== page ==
Editor’s note: We asked our friend, writer and children’s librarian Lora Shinn, to recommend great books for summertime reading. Here are her picks.
In the Tall, Tall Grass (An Owlet Book) by Denise Fleming. What’s hidden in plain sight? This book suggests looking a little closer. Babies and toddlers adore the big, bright pictures of creepy-crawly critters scurrying through deep green grass. $7.95; Henry Holt and Co.
Jamberry by Bruce Degen. A rollicking, frolicking ramble through the blackberry bramble. A boy and his bear try all the berries summer has to offer, from raspberries to blueberries. With rhythmic stanzas and infectious enthusiasm, what’s not to love? Board book, $7.99; HarperFestival.
Kite Flying by Grace Lin. Mei-Mei and Jie-Jie make a dragon kite, taking it to a grassy hill to watch it soar in the sky. Deep, vivid colors and simple sentences take young listeners along on a beloved warm-weather ritual. Combine with a stop at a kite shop: instant magic! $6.99; Dragonfly Books.
Whose Garden Is It? by Mary Ann Hoberman. Does the garden belong to the fiery sun, furry friends or a frustrated gardener? Sunflowers, butterflies, and Peter Rabbit enter the debate. Vivid illustrations pop alongside rhyming text and amusing repartee. $16.00; Gulliver Books.
Froggy Learns to Swim by Jonathan London. Cartoon-like drawings and goofy text accompany Froggy’s splash in the lake. A buffoonish amphibian, Froggy’s goal is to make kids laugh at his bumbling antics, complete with the swim chant “chicken, airplane, soldier.” $5.99; Puffin.
Blueberries for Sal by Robert McCloskey. In this classic tale, Sal loses her human mother and ends up picking berries with a mama bear. Meanwhile, a baby bear finds himself tagging along behind a kerchiefed woman who’s definitely not his mother. Will these odd couples ever find their way home? $7.99; Puffin.
The Relatives Came by Cynthia Rylant. Come one, come all! Countrified cousins from the Blue Hills of Virginia come to stay in this story illustrated with warm pencil drawings. In this celebration of family, affectionate folks hug their relatives “for hours,” play fiddle and serve up potluck-style meals. $7.99; Aladdin.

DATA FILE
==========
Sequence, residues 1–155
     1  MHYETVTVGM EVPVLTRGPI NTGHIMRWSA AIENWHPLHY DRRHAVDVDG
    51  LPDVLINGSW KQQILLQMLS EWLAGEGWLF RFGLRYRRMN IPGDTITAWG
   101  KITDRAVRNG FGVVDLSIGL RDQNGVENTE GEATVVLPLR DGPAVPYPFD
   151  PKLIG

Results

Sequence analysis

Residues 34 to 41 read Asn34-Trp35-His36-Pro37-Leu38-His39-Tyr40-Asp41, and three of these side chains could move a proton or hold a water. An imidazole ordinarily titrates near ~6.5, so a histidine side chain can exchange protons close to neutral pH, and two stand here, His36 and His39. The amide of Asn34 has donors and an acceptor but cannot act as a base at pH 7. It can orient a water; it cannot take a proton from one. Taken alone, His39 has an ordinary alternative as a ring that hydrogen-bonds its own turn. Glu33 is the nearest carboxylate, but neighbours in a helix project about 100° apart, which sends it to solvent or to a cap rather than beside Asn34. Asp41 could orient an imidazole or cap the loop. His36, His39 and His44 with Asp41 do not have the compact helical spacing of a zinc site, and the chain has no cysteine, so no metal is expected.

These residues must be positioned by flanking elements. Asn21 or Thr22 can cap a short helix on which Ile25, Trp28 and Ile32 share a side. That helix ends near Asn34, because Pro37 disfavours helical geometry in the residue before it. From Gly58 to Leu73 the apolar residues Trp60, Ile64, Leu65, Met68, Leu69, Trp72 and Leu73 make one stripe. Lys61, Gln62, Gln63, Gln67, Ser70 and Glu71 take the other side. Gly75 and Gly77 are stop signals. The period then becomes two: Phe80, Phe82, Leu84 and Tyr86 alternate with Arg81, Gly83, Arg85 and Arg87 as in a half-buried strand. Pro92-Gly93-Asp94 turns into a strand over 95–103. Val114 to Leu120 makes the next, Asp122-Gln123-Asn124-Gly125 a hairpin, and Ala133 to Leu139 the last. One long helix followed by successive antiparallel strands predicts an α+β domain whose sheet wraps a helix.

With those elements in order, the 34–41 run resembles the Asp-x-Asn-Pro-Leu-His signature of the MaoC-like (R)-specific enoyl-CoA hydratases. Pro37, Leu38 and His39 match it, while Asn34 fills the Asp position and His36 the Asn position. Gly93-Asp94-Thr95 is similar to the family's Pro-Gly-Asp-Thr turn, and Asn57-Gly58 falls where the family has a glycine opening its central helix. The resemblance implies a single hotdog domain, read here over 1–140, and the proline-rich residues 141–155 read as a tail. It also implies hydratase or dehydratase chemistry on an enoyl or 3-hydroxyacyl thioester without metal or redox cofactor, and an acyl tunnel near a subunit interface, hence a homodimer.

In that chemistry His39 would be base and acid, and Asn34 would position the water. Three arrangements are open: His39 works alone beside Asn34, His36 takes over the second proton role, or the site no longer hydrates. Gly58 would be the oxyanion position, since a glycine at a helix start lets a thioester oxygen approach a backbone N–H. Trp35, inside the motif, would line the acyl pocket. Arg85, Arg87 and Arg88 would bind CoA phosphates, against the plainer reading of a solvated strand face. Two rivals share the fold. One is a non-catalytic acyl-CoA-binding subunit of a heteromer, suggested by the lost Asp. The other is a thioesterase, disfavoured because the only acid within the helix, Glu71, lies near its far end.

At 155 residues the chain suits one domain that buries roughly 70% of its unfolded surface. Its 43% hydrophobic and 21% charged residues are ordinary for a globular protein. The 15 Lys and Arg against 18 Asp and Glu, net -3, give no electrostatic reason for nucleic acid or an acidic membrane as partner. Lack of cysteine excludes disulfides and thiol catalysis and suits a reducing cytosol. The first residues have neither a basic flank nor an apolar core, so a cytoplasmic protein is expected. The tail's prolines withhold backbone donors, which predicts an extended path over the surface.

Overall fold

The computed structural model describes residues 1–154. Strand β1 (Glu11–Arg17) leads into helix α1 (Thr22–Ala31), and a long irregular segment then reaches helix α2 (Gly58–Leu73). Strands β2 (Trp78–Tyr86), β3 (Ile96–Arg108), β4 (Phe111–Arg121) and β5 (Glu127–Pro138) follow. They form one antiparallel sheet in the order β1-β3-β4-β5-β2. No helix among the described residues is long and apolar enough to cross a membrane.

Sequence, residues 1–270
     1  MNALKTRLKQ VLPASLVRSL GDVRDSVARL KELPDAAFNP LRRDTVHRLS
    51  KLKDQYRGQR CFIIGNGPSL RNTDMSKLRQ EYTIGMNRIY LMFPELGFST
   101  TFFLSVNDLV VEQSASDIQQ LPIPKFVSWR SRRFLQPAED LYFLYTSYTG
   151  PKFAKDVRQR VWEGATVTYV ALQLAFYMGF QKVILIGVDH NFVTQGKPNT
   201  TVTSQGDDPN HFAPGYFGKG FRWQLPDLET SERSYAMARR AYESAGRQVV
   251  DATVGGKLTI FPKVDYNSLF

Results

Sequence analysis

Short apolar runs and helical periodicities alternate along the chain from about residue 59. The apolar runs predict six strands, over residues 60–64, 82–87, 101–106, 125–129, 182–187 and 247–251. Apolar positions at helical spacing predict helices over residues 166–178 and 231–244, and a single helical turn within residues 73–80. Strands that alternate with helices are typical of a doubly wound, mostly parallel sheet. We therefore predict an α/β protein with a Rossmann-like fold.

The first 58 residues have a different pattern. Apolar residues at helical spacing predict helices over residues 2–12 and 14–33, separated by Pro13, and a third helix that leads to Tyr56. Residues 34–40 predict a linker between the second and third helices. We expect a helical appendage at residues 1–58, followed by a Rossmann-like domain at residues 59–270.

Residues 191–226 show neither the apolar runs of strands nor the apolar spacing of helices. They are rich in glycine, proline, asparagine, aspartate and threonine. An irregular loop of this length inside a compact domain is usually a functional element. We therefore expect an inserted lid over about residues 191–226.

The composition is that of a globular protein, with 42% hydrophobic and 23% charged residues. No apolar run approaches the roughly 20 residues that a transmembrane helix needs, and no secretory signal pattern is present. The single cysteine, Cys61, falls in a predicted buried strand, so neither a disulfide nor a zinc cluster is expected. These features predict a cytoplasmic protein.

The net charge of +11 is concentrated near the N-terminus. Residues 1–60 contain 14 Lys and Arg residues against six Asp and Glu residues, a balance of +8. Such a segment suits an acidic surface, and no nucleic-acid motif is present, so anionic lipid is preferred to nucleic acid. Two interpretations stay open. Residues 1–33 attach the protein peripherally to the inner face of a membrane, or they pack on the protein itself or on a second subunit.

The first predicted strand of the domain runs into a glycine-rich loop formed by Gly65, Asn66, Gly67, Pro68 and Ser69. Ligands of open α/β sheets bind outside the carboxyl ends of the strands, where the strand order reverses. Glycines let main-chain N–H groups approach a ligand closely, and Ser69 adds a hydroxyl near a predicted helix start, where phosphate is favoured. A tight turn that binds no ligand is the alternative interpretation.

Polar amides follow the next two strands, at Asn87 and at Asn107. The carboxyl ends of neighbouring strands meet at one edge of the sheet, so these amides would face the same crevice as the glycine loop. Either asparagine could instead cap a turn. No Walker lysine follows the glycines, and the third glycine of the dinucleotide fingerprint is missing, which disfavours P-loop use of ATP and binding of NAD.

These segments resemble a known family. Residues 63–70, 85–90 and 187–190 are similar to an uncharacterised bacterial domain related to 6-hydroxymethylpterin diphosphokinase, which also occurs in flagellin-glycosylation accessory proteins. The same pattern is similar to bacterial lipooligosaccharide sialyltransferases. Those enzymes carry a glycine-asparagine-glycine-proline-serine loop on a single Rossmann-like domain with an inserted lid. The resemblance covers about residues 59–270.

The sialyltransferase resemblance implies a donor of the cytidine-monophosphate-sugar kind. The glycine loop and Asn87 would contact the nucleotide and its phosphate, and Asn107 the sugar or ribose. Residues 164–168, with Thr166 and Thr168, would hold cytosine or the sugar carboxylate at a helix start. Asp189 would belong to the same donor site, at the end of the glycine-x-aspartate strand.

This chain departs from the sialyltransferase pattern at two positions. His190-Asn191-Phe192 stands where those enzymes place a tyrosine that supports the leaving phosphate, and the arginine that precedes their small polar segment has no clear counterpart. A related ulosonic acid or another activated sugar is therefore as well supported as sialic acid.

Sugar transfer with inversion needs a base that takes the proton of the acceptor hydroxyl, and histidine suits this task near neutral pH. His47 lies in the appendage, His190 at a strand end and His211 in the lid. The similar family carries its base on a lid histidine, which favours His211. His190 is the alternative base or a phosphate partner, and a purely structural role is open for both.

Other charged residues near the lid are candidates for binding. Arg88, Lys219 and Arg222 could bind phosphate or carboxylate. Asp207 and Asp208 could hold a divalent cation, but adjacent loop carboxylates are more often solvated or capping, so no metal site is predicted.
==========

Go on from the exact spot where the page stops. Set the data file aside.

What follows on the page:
Come On, Rain by Karen Hesse. In the melting heat, city girl Tess waits for rain. Running out to splash and dash with friends as round drops plop, she’s surprised when even mom joins in. Hazy illustrations perfectly depict the gray, humid days of summer. $16.95; Scholastic.
Summersaults by Douglas Florian. With poem titles like “What I Hate About Summer,” Florian applies his famous wit to summer ups and downs. Other topics include bees, tennis, double dutch and dandelions: “The dandelion doesn’t roar/it’s quiet as a closet door.” $16.99; Greenwillow.
No More Pencils, No More Books, No More Teacher's Dirty Looks! (Gilbert and Friends) by Diane deGroat. Leaving behind first grade isn’t easy for Gilbert and friends, as they prepare for summer break. When Mrs. Byrd hands out awards, everyone discovers they’re good at something — even Gilbert. $15.99; HarperCollins.
Beachcombing: Exploring the Seashore by Jim Arnosky. This nonfiction book extols the pleasures of beachcombing, and includes lush illustrations of seashells, crabs and seaweeds. It’s a great identification guide for “special finds” such as a mermaid’s purse, sea beans, and broken teeth or tusks. $15.99; Dutton Juvenille.
Earth to Audrey by Susan Hughes. Wild child Audrey turns Ray’s ho-hum summer days upside-down. Whether communicating with the mother ship (via kite) or training grasshoppers to follow her command, Audrey demonstrates innovative ways to resolve the “I’m bored!” battle cry. $6.95; Kids Can Press.
What Lives Under the Carpet? by John Woodward. Nothing says summer like a kid shrieking, “What is that?” The older child inspired by spiders, ladybugs, crane flies and other summer insects will enjoy this nonfiction guide to our buggy world. $7.95; Barron’s Education Series.
Lawn Boy by Gary Paulsen. He’s just your average 12-year-old boy, making thousands of dollars over the summer by mowing lawns, and sponsoring his own prize fighter. Mature readers will enjoy riding along, as one very lucky young man discovers the power of a buck. $12.99; Wendy Lamb Books.
Moxy Maxwell Does Not Love Stuart Little by Peggy Gifford. Nine-year-old Moxy devises increasingly ridiculous excuses to avoid reading Stuart Little before school starts, including starting a peach farm (naturally). Very funny, brisk writing and photos make this a great summer pick. $12.99; Schwartz & Wade.
Holes by Louis Sachar. Stanley “Caveman” Yeltnats knows he didn’t steal that basketball player’s shoes. Yet here he is, digging holes in the hot Texas sun, paying for a crime he never committed. But before this humorous story for older readers is over, Stanley will discover the dirty secret behind all those holes at Camp Green Lake. $6.99; Yearling.
Lora Shinn is a mother, freelance writer, and children’s librarian.